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Last year, the Reserve Bank of India (RBI) allowed banks to offer a six-month moratorium to all small borrowers.

Indian banks are expected to see an increase in gross non-performing assets (NPA) to 8-9% of total loans by the end of this fiscal year, from 7.5% last year, ratings agency CRISIL said on Tuesday. in a report.

The increases will be led by retail clients and the micro, small and medium (MSME) segments, said Krishnan Sitaraman, senior director and deputy director of rating, noting that they represent 40% of total bank credit.

“Live assets in these segments are expected to grow to 4-5% and 17-18%, respectively, by year-end (March 2022). The numbers would have been even higher without the write-offs, mainly in the segments, ”Sitaraman said.

Last year, the Reserve Bank of India (RBI) allowed banks to offer a six-month moratorium to all small borrowers.

It then enabled lenders to offer a one-time loan restructuring facility to help avoid the build-up of bad debt and to give borrowers more time to repay their debt.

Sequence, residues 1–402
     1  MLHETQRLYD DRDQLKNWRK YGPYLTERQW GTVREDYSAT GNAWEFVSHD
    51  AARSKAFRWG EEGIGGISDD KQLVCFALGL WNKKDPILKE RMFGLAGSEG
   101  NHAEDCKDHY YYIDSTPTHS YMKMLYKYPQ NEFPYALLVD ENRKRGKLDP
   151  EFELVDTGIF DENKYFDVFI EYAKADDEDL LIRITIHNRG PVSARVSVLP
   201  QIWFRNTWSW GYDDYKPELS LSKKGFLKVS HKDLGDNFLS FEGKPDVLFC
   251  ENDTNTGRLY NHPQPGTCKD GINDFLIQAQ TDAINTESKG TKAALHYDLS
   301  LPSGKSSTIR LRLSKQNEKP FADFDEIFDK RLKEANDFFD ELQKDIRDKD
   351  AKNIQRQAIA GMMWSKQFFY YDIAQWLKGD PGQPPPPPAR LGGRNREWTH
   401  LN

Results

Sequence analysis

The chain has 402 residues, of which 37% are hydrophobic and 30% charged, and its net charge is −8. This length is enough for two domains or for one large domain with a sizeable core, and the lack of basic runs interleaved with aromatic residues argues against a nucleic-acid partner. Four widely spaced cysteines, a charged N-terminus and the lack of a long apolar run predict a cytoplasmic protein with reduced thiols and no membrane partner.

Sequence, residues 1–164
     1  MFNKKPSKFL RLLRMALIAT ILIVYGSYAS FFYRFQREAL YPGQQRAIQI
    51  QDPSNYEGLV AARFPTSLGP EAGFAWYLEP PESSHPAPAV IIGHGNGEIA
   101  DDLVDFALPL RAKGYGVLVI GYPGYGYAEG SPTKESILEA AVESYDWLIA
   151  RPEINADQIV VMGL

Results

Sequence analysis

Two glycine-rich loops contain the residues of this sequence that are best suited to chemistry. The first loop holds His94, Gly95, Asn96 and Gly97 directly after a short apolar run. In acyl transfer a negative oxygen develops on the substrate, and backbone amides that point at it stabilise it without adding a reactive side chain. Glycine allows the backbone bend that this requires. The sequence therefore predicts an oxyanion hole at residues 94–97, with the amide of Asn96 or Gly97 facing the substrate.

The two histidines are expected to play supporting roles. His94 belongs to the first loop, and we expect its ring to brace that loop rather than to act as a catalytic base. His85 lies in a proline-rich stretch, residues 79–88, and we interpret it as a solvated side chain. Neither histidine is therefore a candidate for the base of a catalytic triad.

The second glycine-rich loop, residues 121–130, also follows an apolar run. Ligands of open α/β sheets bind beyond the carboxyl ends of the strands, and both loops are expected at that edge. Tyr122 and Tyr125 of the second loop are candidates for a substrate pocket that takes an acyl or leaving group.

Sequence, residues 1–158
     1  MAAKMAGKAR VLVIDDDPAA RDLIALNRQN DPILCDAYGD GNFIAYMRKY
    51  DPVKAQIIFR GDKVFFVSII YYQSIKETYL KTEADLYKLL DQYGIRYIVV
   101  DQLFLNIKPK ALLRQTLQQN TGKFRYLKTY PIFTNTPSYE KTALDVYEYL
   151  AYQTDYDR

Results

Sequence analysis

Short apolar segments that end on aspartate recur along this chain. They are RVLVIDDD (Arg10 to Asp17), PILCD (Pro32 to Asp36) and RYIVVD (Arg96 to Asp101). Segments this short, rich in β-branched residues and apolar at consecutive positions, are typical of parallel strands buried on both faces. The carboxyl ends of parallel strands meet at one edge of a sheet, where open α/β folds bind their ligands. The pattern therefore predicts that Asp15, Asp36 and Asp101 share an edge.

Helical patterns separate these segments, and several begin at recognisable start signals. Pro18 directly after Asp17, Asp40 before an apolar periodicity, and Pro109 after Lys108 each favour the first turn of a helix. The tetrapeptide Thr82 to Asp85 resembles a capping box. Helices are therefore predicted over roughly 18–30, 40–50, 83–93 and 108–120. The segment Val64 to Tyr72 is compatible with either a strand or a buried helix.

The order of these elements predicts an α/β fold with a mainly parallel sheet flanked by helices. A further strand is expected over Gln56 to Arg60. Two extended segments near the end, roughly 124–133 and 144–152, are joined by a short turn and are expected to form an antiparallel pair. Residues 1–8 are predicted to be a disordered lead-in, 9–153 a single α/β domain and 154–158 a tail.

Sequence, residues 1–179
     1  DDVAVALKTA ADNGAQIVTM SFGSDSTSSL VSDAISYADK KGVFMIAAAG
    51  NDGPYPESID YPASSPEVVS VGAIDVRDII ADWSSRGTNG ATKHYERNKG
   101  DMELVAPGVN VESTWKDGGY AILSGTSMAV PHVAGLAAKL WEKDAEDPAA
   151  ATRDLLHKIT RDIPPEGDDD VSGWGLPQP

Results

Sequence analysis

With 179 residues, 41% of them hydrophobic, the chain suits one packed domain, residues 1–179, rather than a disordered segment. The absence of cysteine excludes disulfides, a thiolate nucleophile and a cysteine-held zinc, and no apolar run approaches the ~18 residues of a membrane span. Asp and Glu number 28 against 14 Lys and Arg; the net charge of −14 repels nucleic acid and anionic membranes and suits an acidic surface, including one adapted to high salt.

Despite these measures, stressed assets in the retail segment will increase, with home loans, which is the largest segment, the least affected and unsecured loans the worst, CRISIL said.

The corporate segment is expected to be more resilient as much of the stress in the corporate portfolio has already been recognized in an asset quality review initiated by the RBI in 2015, CRISIL said.

The agency said the performance of the restructured portfolio will require close monitoring, but slippages in the restructured book are expected to be lower this time around.

“Recent trends indicate that a reasonable proportion of borrowers, mostly from the personal side, have started making additional payments as their cash flow improves,” said Subha Sri Narayanan, director of CRISIL Ratings.

“MSMEs, however, may take longer to stabilize and we remain vigilant.”


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